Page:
What is injustice? Now that the word is being thrown around more than ever, it is about time we reflect on it with deeper sensitivity. The emotion that we feel when the word is brought up is the rage associated with years of oppression and exhaustion. Injustice is when the oppressors, without any remorse, continue their actions, leaving the oppressed broken, in almost no condition to retaliate, unable to even pick up their pieces and start anew. It is when this dull ache of helplessness sets in that people begin to realise the intensity of the injustice that has prevailed.

Injustice holds several connotations for a variety of people. To the oppressed, it brings flashes and memories of past discriminations against them and their kind. To the oppressors, it is the mere empty thought of them being denied what they believe is their birthright to exploit others. And to those in the middle, we simply get a running script of everything our history books ever taught us. The people in the middle have something of an upper hand in this case – having neither been exploited nor being the ones inflicting pain on others – it becomes their duty to educate themselves on injustices and the ways to curb them. Our history books have taught us all that the world wants us to know. But who said that was ENOUGH knowledge? It becomes our duty to read between the lines, research more and be aware. The books have captured all they could, but they will never be able to account for the pain, the alienation, and the struggle of the oppressed.

Our history books are soaked in the blood of the innocent and the tears of the suppressed. The pedestal on which all of history seems to have placed itself is, upon closer inspection, nothing but the bones of the people that were abused and stepped on, in order for those in power to maintain their everlasting chokehold on humanity. History, the books say, is made by those who conquered. But it is in truth, made by those that the world considered to have had no worth. It was written by every person enslaved by society, in the dull glow of an oil lamp. In truth, we owe everything to the exploited. They wrote our history for us. They made society what it is today. We are what we are and where we are because of the victims of injustice. It becomes our duty to make ourselves and those around us aware, and to remember the oppressed and honour them each day by consciously being fair and equal to everyone.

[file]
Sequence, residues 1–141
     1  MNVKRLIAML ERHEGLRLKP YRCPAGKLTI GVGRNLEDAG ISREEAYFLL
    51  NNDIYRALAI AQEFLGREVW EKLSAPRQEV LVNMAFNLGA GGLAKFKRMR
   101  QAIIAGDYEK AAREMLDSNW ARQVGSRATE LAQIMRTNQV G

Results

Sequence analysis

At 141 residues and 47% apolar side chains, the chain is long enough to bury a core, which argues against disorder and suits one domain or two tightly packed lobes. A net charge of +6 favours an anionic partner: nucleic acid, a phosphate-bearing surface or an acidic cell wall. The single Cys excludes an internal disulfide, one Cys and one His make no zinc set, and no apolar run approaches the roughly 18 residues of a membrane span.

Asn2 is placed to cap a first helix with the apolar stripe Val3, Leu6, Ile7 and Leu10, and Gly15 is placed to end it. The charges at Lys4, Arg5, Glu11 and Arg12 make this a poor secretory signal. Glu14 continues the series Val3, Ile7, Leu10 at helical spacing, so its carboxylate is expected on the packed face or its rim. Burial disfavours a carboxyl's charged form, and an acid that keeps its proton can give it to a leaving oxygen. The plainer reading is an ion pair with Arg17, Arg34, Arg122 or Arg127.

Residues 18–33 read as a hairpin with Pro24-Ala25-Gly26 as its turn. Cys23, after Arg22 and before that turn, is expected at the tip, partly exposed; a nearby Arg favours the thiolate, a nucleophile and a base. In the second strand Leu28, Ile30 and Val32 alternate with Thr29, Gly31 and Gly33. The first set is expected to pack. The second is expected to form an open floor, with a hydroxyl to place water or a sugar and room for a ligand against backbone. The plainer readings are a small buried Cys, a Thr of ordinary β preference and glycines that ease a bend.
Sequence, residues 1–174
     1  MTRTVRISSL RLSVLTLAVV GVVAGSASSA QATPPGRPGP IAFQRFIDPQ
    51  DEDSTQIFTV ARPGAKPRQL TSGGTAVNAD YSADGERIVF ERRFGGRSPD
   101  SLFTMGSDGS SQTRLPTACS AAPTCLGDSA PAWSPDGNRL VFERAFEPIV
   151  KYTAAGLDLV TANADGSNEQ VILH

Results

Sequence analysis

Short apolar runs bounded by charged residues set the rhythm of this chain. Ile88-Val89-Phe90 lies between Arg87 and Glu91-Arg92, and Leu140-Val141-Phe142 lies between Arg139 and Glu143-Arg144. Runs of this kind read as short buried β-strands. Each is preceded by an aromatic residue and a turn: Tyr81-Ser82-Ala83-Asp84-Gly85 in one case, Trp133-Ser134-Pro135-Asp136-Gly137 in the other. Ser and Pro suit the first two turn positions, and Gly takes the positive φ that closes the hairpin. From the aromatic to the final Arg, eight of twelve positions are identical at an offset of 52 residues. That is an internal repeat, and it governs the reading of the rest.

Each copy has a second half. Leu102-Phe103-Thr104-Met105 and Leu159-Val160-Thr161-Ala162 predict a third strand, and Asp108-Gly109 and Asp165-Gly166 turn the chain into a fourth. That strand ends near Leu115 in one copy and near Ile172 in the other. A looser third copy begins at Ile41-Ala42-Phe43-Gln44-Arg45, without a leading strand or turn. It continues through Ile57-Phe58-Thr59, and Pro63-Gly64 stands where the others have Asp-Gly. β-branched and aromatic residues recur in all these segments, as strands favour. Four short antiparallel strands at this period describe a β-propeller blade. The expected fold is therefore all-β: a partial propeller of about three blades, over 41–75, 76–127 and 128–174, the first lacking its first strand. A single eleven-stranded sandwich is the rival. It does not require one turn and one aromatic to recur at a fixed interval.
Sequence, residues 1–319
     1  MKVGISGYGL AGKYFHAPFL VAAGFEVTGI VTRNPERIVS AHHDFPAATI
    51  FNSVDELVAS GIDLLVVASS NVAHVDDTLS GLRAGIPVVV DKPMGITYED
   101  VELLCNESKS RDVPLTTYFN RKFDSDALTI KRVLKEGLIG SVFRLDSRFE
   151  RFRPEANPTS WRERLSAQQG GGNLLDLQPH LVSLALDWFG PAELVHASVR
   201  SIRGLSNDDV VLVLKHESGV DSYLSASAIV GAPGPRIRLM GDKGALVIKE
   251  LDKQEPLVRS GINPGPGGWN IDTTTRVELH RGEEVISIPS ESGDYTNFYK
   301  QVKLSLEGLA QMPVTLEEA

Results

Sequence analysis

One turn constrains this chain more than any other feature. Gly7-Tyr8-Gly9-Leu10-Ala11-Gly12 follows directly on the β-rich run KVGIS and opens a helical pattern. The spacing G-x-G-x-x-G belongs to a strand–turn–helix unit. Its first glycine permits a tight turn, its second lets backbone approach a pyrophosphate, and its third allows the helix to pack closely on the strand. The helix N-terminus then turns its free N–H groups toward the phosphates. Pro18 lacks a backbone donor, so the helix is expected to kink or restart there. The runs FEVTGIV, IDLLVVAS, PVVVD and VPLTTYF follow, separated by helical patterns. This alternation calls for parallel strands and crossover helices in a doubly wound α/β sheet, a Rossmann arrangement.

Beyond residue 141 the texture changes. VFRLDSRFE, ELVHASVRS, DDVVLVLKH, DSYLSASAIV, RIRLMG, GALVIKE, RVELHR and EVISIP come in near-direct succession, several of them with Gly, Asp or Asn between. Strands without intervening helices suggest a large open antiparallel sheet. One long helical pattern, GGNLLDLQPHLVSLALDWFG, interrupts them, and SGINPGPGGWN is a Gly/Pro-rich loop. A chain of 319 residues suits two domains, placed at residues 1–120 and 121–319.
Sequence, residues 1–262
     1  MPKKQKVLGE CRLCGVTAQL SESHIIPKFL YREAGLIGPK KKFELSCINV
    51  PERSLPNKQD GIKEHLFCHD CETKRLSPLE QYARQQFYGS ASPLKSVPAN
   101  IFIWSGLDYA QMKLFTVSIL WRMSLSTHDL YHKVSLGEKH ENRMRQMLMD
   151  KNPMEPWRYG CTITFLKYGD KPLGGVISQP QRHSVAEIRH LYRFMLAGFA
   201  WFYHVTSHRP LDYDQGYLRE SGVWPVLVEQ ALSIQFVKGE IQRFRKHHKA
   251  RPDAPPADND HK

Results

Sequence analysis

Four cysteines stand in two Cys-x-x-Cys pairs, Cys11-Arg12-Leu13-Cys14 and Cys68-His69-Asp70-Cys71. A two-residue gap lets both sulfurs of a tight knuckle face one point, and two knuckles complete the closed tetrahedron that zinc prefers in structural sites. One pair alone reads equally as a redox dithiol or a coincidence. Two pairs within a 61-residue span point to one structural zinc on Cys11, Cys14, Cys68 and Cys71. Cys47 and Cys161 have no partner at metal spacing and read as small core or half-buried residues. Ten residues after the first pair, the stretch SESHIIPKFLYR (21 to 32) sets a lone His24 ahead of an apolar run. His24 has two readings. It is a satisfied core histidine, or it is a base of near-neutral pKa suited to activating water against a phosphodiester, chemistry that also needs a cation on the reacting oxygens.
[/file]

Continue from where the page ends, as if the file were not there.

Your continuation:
Drastic change has never been an overnight process. It has taken years, centuries even, for people to rise against lineages of corrupted power. As a generation with resources, knowledge and with the unending power that words hold, it becomes our duty to unlearn and uproot the divisive practices and to plant in its place, seeds of hope and love.

So, let us question ourselves again: what exactly is injustice? Is it what we have been conditioned to believe it is or is it everything that they left out? Other than the apparent examples, it should also include all the hypocrisies of mainstream society, such as people who claim to accept different sexualities, as long as their child isn’t one of them. Or those that say the ‘n’ word as a joke because they “don’t really mean anything by it”. It is the supposed male ‘feminist’ allies that still want their wives and daughters to stay home, remain covered-up and never speak up and it is the family member who generalizes every minority under the umbrella term of ‘terrorists’.

Humanity as a whole has spent too much time suffering from a superiority complex. We have done everything in terms of spreading hatred. However, we are fortunate enough to have realised both our ancestor’s faults as well as ours. It never has been and never will be too late for us humans to mend our ways. Every time is a good time to start and I propose we start right about now.

Ishita Misra, Amity International School, Noida

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